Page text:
The Hippo


Dec 15, 2019








Courtesy photo.

Be a music fan Santa
Records, books, gadgets and more make great gifts

By Michael Witthaus

 There are a number of ways to shop for the music fan in your life. Since most songs are a click away, the days of wrapping up a CD and putting it under the tree are a memory. But many local performers still offer them as keepsakes at gigs. You can help them out and make a giftee’s day. 

Conniption Fits, Say Darling, Cold Engines, Sensitive Men, Mark & Deb Bond and Harsh Armadillo all released fine new records in 2017, available for sale at their shows. Some offer vinyl versions — Donaher’s I Swear My Love Is True is a delicious slice of power pop available in black, two tone red/blue and splatter on the band’s website. 
Here’s a gift idea that supports local music and will blow your favorite fan’s mind. The Connection, a Portsmouth band that’s a favorite on SiriusXM station Little Steven’s Underground Garage, will record the cover song of your choice and deliver it as an MP3 for $40. A custom version of Dave Edmunds’s’ “JuJu Man” coupled with a diamond ring would be a cool marriage proposal, right?
Clothes make the rocker, and they don’t get more stylish than John Varvatos. Leather jackets and Chelsea boots run from hundreds to over a thousand dollars, but an Imagine Dragons T-shirt is a more reasonable $78, as are several others, adorned with Ramones, Beatles and other classic acts’ art.  Keeping it local is less expensive and helps the local music economy, of course, so why not grab a shirt at your next show? The new Pat & the Hats logoed tee is a reasonable $10.
2017 saw many great new books about music. New England critic Rob Sheffield’s Dreaming the Beatles delves into that influential band, while Sticky Fingers: The Life and Times of Jann Wenner and Rolling Stone Magazine tells the story of the magazine where Sheffield works. Other recently published biographies include Lou Reed: A Life, by Anthony DeCurtis and Dave Weigel’s The Show That Never Ends, probably the most comprehensive book about progressive rock ever written.
There are many good reads about women in music, among them Gold Dust Woman:The Biography of Stevie Nicks by Stephen Davis, Hit So Hard, a memoir of the Seattle grunge scene by Hole Drummer Patty Schemel, and the timely Under My Thumb: Songs That Hate Women and the Women Who Love Them, by Rhian Jones, Eli Davies and Tamar Shlaim, a study of misogyny in music.
The best of the lot is Reckless Daughter: A Portrait of Joni Mitchell, which benefits from the cooperation received from the book’s subject. Mitchell is an uncompromising artist, a poet to rival any in music, who traversed folk, rock and jazz with stunning vision on her way to becoming one of the most influential figures of the late 20th century. David Yaffe’s book is among the few that do her justice.
Or go straight to the source. Art Garfunkel’s What Is It All but Luminous: Notes from an Underground Man, Robbie Robertson’s Testimony, A Sick Life: TLC ‘n Me by Tionne “T-Boz” Watkins and Emily Zemler, John Oates’ Change of Seasons and the latest from Patti Smith, Devotion (Why I Write) are all worthy tomes.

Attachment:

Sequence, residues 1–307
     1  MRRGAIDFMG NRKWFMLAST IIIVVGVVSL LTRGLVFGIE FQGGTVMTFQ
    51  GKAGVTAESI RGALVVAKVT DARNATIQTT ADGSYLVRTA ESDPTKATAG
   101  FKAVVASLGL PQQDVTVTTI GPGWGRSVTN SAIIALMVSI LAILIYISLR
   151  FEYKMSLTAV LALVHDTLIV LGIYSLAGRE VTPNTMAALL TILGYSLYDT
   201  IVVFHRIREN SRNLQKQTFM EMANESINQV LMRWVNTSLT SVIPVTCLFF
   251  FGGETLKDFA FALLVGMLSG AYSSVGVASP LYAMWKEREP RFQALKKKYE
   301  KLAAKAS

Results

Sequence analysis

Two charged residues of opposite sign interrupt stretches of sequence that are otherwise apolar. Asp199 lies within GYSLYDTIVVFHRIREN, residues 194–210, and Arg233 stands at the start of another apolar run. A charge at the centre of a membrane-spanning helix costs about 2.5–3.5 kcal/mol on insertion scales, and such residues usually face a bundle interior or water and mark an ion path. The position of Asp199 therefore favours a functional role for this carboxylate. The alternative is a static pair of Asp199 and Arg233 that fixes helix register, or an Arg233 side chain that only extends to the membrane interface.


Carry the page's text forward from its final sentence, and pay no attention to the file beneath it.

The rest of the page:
When it comes to music in physical format, it’s best to go big or not go at all. That means box sets packed with goodies that can’t be downloaded, like Black Sabbath’s Ten Year War, which, in addition to vinyl includes a poster, book and a (just like Ozzy’s) crucifix necklace. Elton John’s Diamonds is a three-disc set with 34 Elton-curated tracks, a hardcover book and a set of five colorful postcards. 
A limited edition box set from Imagine Dragons contains the band’s three LPs on vinyl, along with Continued Silence, an EP only available in the slipcased collection. Stax Records commemorates its 60th anniversary with Stax 7s Box 7, a set of vinyl 45s from the label’s top artists. Bob Dylan’s Trouble No More is the latest Bootleg Series release, drawn from his  controversial “born again” phase. The eight-disc set includes a rare 1980 documentary on DVD, and a 120-page photo book.
Gadgets are always welcome presents. The Sonos One, with Amazon Alexa built in, offers access to Spotify, Pandora, SiriusXM and other music services. At $199, it’s a bargain compared to past Sonos offerings. The Mighty is a standalone Spotify-made mini player that can be clipped to a shirt. Holding 1,000 songs, it’s $99 — and great for workouts. 
Finally, Funko Pop! makes a line of giant headed action figures featuring a long list of stars. There’s a playfully boxed Tupac, Justin Bieber, all four members of the Ramones, and from the 27 Club, Amy Winehouse and Jimi Hendrix. Heck, there’s even a statue of YouTube star Psy, made before his 15 minutes of “Gangnam Style” fame were up. But the best of the bunch is a Metallica set, with band members in the clothes they wore during the days touring The Black Album
Have a rockin’ holiday!

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